The Cuban news agency Prensa Latina also focused on the Latin immigrant vote declaring that “the Latinos sunk Republicans in the mid-term elections.” In an attempt to add credibility to its report, Prensa Latina quoted an unidentified commentator on the Spanish CNN who reportedly said that the 2006 elections results were “the Latino community´s punishment of the Republicans for having spearheaded a racist, anti-immigrant offensive since the 2004 election.” [Link] The U.S-Mexican border fence has already become a major propaganda point for regime-controlled media in Cuba and Venezuela.

In commenting on the U.S. elections, Belarus declared that the government of President Lukashenko is ready to continue the dialogue with the United States. The Belarus Foreign Ministry spokesman was not sure whether the U.S. election results would change Washington’s policy toward the Lukashenko regime but he left some room for cautious optimism by saying that “Belarus is ready to go as far as the American partners are ready to go in establishing normal, pragmatic, and mutually beneficial relations.” The Bush Administration has frequently criticized President Lukashenko for human rights abuses, including severe restrictions imposed by his regime on independent media. The U.S. Congress passed a legislation in a bipartisan vote, strongly supported by the White House, which authorized funding for pro-democracy activities in Belarus. [Link]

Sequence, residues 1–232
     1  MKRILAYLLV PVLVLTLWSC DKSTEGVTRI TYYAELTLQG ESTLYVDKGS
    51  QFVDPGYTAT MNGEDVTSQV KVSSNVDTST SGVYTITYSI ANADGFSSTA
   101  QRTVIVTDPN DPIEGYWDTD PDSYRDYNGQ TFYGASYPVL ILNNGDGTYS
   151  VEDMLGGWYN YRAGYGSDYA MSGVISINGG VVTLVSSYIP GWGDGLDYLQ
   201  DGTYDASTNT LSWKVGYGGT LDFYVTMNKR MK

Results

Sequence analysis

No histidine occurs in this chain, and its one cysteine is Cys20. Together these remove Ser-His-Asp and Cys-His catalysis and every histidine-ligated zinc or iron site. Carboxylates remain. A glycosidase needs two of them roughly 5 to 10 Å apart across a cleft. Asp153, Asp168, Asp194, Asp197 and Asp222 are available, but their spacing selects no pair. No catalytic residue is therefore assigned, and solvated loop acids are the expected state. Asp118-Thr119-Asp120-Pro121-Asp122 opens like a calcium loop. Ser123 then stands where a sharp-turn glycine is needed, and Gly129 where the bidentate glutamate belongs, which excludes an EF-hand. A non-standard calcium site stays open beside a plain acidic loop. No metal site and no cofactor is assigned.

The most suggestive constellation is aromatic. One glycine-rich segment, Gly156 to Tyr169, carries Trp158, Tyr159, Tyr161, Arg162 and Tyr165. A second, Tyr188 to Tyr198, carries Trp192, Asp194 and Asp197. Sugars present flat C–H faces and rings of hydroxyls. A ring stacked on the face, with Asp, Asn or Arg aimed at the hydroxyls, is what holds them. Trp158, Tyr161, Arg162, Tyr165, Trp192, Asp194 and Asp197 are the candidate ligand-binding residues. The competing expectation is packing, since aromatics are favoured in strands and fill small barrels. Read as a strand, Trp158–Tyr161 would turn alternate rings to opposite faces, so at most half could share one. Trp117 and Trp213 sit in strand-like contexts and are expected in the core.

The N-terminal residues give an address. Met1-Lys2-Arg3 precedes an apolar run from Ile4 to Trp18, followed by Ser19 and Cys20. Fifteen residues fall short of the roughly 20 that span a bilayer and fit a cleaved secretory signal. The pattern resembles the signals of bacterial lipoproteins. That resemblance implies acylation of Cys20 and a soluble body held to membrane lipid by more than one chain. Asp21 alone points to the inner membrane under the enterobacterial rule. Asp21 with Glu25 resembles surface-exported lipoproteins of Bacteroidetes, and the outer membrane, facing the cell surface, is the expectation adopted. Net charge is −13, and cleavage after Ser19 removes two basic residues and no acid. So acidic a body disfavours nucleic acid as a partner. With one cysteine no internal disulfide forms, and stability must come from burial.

Syria like Belarus is also hoping that the victorious Democrats will be more forgiving toward authoritarian regimes despite the lack of any significant evidence to support such a view. The Syrian news agency SANA web site featured a picture of Representative Nancy Pelosi and focused on the Syrian Minister of Information Dr. Mohsen Bilal’s praise of the future Speaker of the House of Representatives. The Syrian minister told the Aljazeera Arab satellite television channel that Ms. Pelosi had said “no” to the war in Iraq, adding that “this lady has made the word of the American people audible .. and this is very comfortable.”